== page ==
When I tell people what I do for a living, their response is usually to the tune of, “Oh, how interesting. I bet you hear a lot of juicy cases.” I often shrug and say, “Sometimes they can be,” but the reality is is that it’s not all that more interesting than any other job. If they seem curious, then the conversation usually turns to another direction: can they do what I do.
The answer is easy. How the hell should I know? You know you better than I know you. I’ve assembled a quick list of five traits and skills that, if you have them, you could be successful at scoping and transcription.
(5) You Love Wearing Hats – As a scopist or a transcriptionist, there is always the chance you get hired by some large firm to work a 9-5 Monday through Friday, but there is a much higher chance that you would instead work for yourself. This means that you will be an independent contractor or a small business owner. As enticing as it may be, being your own boss rarely means doing what you want. Some days you have to put on your IT hat, other days it will be customer service, and other days it will be bookkeeping. If you need direction and are unable to wear many hats, this line of work may not be for you.
(4) Pressure? What Pressure! – Work will not always come evenly and routinely. There may be stretches where work slows down immensely and times where you have to cancel all your plans just to keep up. There will frequently be moments of urgency sprinkled throughout the week, so be prepared!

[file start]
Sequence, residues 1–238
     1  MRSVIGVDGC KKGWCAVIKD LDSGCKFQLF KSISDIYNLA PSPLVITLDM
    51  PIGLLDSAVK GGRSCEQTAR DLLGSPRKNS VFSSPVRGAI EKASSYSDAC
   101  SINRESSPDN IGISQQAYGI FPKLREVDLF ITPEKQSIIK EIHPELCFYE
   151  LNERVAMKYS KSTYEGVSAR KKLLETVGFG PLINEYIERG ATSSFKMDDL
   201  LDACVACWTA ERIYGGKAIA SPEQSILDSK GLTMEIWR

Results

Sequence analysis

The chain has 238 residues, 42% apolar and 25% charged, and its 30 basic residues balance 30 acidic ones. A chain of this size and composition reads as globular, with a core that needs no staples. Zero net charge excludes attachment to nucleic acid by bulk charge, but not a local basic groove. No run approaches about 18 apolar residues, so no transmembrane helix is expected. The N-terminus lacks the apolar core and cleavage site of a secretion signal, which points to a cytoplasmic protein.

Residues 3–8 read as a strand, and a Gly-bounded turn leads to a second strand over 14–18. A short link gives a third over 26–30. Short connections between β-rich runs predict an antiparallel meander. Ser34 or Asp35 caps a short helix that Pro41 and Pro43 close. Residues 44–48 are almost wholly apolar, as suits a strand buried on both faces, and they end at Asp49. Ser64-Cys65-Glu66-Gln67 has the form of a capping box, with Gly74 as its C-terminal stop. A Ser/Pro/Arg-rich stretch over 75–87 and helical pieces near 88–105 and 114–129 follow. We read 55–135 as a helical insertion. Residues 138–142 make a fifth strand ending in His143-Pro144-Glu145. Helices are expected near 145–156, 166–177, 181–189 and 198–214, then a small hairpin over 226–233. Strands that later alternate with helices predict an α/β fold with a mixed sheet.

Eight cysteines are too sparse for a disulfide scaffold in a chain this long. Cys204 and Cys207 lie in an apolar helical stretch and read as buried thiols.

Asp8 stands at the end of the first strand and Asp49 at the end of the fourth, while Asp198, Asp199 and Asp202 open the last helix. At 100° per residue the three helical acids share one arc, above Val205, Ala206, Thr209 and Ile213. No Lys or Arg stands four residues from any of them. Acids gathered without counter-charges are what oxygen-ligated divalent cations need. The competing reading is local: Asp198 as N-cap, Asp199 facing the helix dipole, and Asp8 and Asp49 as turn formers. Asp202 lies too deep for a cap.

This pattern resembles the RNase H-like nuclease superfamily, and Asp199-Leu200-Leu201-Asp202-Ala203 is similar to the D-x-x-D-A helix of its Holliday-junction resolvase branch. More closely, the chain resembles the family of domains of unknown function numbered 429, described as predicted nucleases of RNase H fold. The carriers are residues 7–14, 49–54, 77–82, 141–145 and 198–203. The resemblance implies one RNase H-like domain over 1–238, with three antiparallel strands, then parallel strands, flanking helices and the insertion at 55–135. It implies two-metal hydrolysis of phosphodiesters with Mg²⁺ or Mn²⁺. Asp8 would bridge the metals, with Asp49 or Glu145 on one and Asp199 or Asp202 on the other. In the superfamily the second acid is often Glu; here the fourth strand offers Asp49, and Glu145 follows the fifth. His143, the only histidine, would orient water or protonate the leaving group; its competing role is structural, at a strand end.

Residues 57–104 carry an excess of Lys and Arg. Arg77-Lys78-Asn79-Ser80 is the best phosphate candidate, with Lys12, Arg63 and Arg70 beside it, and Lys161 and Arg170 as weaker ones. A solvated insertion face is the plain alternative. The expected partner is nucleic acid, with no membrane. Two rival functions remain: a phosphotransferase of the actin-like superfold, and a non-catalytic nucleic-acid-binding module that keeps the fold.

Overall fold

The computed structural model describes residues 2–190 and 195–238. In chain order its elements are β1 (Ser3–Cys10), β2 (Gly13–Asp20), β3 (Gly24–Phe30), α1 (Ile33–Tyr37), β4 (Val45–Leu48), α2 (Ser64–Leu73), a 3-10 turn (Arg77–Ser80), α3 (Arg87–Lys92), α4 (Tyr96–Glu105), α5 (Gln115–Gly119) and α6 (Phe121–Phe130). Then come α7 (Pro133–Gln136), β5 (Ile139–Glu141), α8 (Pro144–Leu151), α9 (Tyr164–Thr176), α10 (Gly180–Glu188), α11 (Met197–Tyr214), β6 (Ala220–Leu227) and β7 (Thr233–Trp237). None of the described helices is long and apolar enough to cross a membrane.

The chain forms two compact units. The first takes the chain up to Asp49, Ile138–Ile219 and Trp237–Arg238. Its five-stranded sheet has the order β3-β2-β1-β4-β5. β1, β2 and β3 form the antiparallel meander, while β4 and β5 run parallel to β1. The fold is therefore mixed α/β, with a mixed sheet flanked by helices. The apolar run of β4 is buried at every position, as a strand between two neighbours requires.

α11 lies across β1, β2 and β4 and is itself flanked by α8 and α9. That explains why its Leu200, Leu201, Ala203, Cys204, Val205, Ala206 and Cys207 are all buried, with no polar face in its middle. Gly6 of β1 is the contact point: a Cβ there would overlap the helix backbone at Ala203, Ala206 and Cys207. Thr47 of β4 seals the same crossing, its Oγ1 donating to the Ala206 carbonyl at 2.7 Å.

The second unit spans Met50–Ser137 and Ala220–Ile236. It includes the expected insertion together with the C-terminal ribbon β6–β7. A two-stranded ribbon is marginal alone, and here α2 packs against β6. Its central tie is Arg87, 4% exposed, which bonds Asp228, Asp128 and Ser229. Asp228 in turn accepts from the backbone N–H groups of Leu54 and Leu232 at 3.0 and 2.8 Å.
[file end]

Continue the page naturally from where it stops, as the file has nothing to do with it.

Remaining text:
(3) WPM is King – When it comes to transcription, and a much lesser extent scoping, your words per minute means everything. How fast you can accurately type directly translates to how much money you can make. With scoping, it’s not so much typing as just generally knowing all the main shortcuts and programming your own macros. The faster you can do the job, the more jobs you can do.
(2) Focus, Focus, Focus – You are your own boss. Yay! Now it’s time to hate your boss. Make sure you keep yourself busy with all of the tasks that are involved with running your own business (see hats above). Create jobs to do with deadlines and then stick to them. Establish the structure in your work-life that you would get in an office environment and treat every day like the boss is right around the corner, checking your work.
(1) Grammar is Your First Love – Whether scoping, transcribing, or proofreading, you must have a love affair with the written word. You will be doing a lot of reading and a lot of writing; it comes with the territory. If you didn’t appreciate that subtle yet intentional use of the semicolon in that last sentence, then maybe this job isn’t for you. Successful scopists, transcriptionists, and proofreaders are generally bibliophiles who have strong opinions about the Oxford comma.
“Some editors are failed writers, but so are most writers.” – T.S. Eliot